Thursday, April 23, 2009

Given for me, Given for you

That hymn plays through my head as I begin the spiritual journey of making communion bread. (although I only know the chorus... and bits of the verses I still like to hum the tune). The recipe is in my head now, which makes it easier.
2 c whole wheat flour
1 c white flour
1 1/4 t. baking powder
1 1/4 t. salt
4 t oil
1 c hot water (115 degrees)
3 T molasses
3 T honey
Pretty small cast of characters. This is an unleavened bread, so no yeast, making it simple, quick, and fool proof. The lack of yeast also causes no need for kneading, which made me to scrap my original title of this blog "kneading prayer". Catchy, but not applicable here. Maybe another post.

As I collect the goods, I thank God for my stocked pantry, for the food I eat daily, and the abundance I have. I pray for those whose pantries are empty this day, and whose tummies will grumble as they lay their heads to rest.
I mix the dry ingredients together. Moving them about with my fingers, thanking God for the convenience of grocery stores, and a product I didn't have to grow, harvest or mill to use.
Working the oil into the dry mix moves my thoughts and prayers to blessings. I thank all those in service to God who anoint the sick, who pray for them, and bring them the message of the risen Christ.
I carefully heat the water in the microwave and pray for those who lack clean water to drink and wash with. Being thankful for the faucet in my kitchen that flows with safe water each and every day for me and my family to drink and wash with.
As I pour and mix the honey and molasses into the hot water I pray for babies. Honey always makes me think of sick babies, since babies aren't supposed to have honey. I think of my dear sweet girls and am so thankful they are safe and healthy. Honey contains small traces of botulism and causes severe problems in babies whose immune systems can't fight it off like adults can.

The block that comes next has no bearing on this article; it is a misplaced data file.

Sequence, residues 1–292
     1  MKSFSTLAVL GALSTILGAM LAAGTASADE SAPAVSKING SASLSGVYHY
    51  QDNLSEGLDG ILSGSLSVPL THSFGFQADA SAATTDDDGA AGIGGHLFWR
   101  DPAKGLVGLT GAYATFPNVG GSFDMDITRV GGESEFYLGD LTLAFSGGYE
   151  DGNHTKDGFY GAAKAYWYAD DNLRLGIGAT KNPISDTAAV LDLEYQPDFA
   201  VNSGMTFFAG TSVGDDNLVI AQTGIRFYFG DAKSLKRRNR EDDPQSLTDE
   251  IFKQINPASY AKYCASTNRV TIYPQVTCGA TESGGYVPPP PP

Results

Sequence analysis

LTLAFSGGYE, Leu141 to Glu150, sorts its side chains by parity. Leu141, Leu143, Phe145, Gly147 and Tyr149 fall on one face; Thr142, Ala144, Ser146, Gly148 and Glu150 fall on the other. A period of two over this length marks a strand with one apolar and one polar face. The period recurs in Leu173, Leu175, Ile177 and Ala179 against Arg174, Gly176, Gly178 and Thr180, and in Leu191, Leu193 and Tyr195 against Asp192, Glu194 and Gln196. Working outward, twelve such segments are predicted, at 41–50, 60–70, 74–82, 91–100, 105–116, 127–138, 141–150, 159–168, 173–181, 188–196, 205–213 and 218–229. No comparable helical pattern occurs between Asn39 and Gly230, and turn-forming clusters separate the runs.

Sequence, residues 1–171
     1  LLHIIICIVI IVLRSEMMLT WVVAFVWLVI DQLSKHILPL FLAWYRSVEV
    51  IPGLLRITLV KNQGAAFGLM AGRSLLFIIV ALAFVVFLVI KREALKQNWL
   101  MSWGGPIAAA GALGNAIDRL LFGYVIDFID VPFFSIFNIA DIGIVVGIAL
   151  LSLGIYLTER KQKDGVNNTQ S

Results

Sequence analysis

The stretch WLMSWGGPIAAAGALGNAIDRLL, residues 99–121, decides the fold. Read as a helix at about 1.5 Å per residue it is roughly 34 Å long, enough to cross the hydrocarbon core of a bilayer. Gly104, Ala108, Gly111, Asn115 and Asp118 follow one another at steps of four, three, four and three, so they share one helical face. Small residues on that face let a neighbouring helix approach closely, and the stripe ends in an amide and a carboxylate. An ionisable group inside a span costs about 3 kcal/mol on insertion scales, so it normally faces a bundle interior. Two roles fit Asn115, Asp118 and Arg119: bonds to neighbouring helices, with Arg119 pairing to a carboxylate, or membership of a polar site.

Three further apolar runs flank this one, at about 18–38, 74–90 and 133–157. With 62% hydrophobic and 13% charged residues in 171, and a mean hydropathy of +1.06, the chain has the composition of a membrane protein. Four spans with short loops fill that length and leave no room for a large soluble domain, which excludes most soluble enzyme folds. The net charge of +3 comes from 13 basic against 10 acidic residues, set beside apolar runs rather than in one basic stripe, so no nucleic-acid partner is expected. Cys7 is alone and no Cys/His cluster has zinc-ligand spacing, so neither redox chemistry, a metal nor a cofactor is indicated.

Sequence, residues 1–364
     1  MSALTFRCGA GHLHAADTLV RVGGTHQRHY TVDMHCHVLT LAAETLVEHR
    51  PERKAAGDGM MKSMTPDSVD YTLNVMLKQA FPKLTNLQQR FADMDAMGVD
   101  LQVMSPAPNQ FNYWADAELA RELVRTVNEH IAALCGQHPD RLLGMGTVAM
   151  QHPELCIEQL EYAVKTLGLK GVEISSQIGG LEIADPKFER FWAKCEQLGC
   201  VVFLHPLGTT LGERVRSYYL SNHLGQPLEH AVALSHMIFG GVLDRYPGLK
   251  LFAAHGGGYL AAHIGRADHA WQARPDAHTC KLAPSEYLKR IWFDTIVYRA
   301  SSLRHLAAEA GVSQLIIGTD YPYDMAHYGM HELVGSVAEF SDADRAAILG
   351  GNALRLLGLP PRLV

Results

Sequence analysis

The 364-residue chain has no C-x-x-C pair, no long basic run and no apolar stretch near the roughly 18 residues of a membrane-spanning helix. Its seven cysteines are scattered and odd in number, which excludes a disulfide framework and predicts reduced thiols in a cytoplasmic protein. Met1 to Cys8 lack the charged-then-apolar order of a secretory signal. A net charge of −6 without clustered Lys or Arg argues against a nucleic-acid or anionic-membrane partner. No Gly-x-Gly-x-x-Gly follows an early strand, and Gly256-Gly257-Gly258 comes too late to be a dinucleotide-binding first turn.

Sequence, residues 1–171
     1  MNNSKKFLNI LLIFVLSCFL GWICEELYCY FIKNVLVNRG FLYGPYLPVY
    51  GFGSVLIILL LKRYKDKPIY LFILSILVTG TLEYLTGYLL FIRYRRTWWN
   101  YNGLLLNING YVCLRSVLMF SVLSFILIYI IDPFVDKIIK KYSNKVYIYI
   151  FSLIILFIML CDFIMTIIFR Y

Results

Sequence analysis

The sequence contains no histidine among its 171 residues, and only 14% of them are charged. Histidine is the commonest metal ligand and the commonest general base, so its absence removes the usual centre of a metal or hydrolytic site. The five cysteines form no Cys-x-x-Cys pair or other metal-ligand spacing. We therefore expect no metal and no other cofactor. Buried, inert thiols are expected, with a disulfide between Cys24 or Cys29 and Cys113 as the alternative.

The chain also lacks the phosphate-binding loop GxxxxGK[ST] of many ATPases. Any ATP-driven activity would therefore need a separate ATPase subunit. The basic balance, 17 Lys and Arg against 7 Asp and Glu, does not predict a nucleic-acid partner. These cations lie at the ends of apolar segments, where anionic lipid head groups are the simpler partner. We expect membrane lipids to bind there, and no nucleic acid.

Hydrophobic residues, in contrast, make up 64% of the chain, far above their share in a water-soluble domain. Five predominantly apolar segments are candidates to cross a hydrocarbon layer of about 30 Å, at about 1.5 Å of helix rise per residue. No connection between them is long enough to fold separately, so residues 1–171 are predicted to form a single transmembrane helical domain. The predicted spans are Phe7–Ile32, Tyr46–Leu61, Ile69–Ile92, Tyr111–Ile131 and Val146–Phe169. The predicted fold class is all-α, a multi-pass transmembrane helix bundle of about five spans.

I pour the dark, sweet mixture into the dry ingredients while thanking God for diversity on our earth, thanking him for the melting pot of life and praying for tolerance and understanding amongst those who differ from each other. Mixing the light and dry with the dark and wet until it forms one solid ball, which will be a bit sticky, but none the less, is one.
Diving the ball into four sections I pat each one into it's own ball and flatten it, giving it a little flour dusting to prevent sticking. Thanking God for my hands, and my ability to do work, my ability to be a useful and contributing member of society.
Each ball finds it's place on my baking stone and is scored with a serrated knife. While I score the symbol into the raw dough I think of taking up my cross, the cross to follow Jesus. The cross I bear, but Jesus died on, for my sins.
The loaves going into the 350 degree oven for 10 minutes. As the timer ticks I've done different things. Sometime I've read a short chapter in my bible study book, or pulled out the bible. This day, my dear sweet Clara awoke from her nap. As I waited for the oven buzzer, I held her in my arms and fed her. I thanked God for the miracle of her birth, and for bringing her to me happy and healthy. I prayed for her, and her big sister snoozing through her nap time.
I get the dishes to the sink and pray for my husband who is my dishwasher. Lord bless him!
The loaves come out after 10 minutes and are brushed with oil, giving them moisture. I pray for rain for the fields, and flowers. I think of the flood victims who have too much moisture, and the drought victims with too little. I pray for recovery in Fargo and the other areas effected recently.
The bread goes back into the oven for another 8 minutes to complete it's baking time.

Stacked on my table they cool. Usually after nap time the girls and I walk down to Wartburg to put the bread in the chapel. I use the walk to pray for all those who will partake tomorrow and thank God for their forgiven sins and the symbolism of that meal. On this day I will freeze the bread and walk it to Scott's house so he can make sure it gets to Chapel next week when we will be gone in North Dakota interviewing. Thank God for Scott and all the work and coordinating he has done this year for chapel linens and Communion bread making it to the table on Wednesday mornings. What a daunting and logistical task!

Most of all I enjoy making the bread. It's a wonderful spiritual time for me, being thankful for things, remembering to pray, being humble and doing something simple. I enjoyed thinking about how I would write this and present it as I made the bread and photographed my steps. I think it made the experience more fun this time. I hope the congregation we are called to uses fresh baked bread, and perhaps I can even be the baker of that special bread. I would really like that.

I thank God for the bread, given for me, and given for you.

No comments:

Post a Comment